Tax credits for independent energy storage projects introduced in US congress

On Thursday, US Congressman from Pennsylvania Mike Doyle introduced a bill that would establish a federal investment tax credit (ITC) for energy storage. The legislation would allow energy storage project developers, both commercial and residential, to receive a 30 percent tax credit for large-scale, commercial-scale and residential-scale storage projects through 2021.

The incentive would phase down and eventually settle on a permanent 10 percent credit for commercial projects. Residential projects would receive no credit.

The Solar Energy Industries Association (SEIA) issued the following statement:

“We congratulate Rep. Doyle for introducing this critical legislation. It’s clear that combining clean, reliable solar energy with effective storage is the next frontier in securing a resilient and reliable electrical grid. Encompassing multiple technologies, energy storage systems save excess energy and convert it back to electricity when most needed. A storage ITC benefits not only solar, but also energy from a wide range of sources, helping to meet the nation’s current and new electricity demands.
 
 The American Wind Energy Association (AWEA) applauded the proposed legislation while also noting that current law has restrictions. For example, it only permits energy storage to qualify for an ITC when paired with a solar project under certain circumstances.

“We applaud Representative Doyle for his effort to modernize the U.S. electricity supply with the Energy Storage Tax Incentive and Deployment Act,” said Tom Kiernan, AWEA CEO. “Like the power transmission lines that make up the grid, energy storage is a catalyst technology that makes the entire electricity supply more affordable and reliable. Expanding investment tax credit eligibility to all energy storage technologies would spark new clean energy infrastructure investment, grow American jobs, and help ensure our electricity supply is ready for future challenges.”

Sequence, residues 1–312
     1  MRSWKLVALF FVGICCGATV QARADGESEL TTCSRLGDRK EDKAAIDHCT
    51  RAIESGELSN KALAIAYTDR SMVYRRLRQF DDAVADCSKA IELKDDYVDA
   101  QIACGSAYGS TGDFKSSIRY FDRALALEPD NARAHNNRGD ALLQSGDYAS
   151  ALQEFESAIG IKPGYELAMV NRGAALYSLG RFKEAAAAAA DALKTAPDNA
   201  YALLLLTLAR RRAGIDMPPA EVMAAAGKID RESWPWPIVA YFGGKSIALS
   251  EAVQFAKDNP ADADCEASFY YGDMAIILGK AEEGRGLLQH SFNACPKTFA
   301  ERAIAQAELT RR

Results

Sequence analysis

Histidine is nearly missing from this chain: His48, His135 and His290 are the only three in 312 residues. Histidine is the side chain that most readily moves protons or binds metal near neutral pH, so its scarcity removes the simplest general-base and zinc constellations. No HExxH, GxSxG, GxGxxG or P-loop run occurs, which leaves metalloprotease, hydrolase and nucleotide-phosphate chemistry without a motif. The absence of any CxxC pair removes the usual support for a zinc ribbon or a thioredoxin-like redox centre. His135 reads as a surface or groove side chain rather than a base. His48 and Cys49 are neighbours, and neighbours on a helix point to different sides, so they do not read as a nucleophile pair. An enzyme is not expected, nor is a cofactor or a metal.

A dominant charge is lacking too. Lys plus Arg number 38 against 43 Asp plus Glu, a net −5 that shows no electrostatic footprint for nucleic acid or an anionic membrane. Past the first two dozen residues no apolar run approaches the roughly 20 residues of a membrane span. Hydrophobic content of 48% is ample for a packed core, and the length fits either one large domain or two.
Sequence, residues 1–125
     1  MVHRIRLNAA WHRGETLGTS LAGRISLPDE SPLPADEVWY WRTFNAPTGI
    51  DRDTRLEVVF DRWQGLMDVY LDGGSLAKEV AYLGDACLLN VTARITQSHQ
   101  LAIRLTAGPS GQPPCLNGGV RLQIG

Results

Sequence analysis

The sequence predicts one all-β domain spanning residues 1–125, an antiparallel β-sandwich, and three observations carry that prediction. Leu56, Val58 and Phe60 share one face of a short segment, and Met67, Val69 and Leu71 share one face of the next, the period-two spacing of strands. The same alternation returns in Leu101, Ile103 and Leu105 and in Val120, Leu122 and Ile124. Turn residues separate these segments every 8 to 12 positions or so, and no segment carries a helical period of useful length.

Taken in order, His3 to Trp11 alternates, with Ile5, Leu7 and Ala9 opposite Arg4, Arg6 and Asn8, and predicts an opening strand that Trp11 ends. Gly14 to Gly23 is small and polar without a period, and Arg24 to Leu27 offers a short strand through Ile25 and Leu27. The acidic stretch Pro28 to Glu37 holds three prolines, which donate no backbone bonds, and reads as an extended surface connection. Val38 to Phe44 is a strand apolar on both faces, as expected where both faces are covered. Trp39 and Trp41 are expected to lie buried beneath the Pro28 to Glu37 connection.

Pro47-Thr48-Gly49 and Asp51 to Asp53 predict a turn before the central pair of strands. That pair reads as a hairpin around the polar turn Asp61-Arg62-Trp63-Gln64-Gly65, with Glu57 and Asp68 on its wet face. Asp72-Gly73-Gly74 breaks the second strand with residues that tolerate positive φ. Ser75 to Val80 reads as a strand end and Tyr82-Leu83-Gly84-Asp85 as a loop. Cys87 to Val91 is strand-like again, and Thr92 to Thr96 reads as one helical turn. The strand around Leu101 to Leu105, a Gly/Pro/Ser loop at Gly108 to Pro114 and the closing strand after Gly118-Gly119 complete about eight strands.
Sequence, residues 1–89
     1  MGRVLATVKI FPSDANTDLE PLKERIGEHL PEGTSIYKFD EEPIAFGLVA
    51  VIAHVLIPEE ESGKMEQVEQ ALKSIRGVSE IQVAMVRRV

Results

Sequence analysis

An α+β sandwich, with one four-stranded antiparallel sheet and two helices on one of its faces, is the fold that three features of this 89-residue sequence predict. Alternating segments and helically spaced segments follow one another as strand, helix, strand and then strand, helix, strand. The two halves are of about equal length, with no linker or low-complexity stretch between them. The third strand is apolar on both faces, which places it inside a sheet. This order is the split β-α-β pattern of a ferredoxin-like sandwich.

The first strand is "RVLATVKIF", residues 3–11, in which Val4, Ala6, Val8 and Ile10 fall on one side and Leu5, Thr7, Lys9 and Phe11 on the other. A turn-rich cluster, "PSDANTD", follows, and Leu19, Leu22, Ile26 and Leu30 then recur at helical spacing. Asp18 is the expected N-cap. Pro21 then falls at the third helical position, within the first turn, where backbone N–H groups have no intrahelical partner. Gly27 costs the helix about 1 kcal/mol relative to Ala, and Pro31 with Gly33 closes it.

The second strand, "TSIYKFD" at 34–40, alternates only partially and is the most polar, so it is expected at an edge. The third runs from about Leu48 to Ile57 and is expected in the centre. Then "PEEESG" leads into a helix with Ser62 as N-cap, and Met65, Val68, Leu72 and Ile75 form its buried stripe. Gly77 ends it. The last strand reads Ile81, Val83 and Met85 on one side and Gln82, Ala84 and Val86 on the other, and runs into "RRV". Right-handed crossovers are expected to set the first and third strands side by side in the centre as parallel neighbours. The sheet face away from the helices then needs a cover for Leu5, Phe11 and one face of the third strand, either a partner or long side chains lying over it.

Energy storage technologies — including batteries, flywheels, pumped hydro, thermal storage, compressed air, and others — are a source of reliability services and flexibility for the power grid. Storage helps balance power supply and demand instantaneously by storing electricity from low-cost energy sources, like wind, and releasing that power during periods of high demand.

Storage systems deliver these benefits whether they are connected to the grid as an independent resource or when storage is paired with any energy source. However, current law only allows energy storage to qualify for an ITC when paired with a solar project under certain circumstances. The flexibility and market efficiencies resulting from accelerated energy storage investment would spur new wind farm development and job creation.



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Jennifer Runyon has been studying and reporting about the world's transition to clean energy since 2007. As editor of the world's largest renewable energy publication, Renewable Energy World, she observed, interviewed experts about, and reported on major clean energy milestones including Germany's explosive growth of solar PV, the formation and development of the U.S. onshore wind industry, the U.K. offshore wind boom, China's solar manufacturing dominance, the rise of energy storage, the changing landscape for utilities and grid operators and much, much, more. Today, in addition to managing content on POWERGRID International, she also serves as the conference advisory committee chair for DISTRIBUTECH, a globally recognized conference for the transmission and distribution industry. You can reach her at Jennifer.Runyon@ClarionEvents.com

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